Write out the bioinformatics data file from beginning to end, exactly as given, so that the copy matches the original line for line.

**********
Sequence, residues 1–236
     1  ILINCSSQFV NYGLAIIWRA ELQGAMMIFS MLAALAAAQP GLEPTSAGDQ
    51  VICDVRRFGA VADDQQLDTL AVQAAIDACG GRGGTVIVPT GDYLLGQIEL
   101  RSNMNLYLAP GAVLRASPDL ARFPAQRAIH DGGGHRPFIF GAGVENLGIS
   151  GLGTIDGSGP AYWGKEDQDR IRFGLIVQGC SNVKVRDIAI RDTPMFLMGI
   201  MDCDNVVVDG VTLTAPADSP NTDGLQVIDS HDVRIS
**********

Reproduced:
Sequence, residues 1–236
     1  ILINCSSQFV NYGLAIIWRA ELQGAMMIFS MLAALAAAQP GLEPTSAGDQ
    51  VICDVRRFGA VADDQQLDTL AVQAAIDACG GRGGTVIVPT GDYLLGQIEL
   101  RSNMNLYLAP GAVLRASPDL ARFPAQRAIH DGGGHRPFIF GAGVENLGIS
   151  GLGTIDGSGP AYWGKEDQDR IRFGLIVQGC SNVKVRDIAI RDTPMFLMGI
   201  MDCDNVVVDG VTLTAPADSP NTDGLQVIDS HDVRIS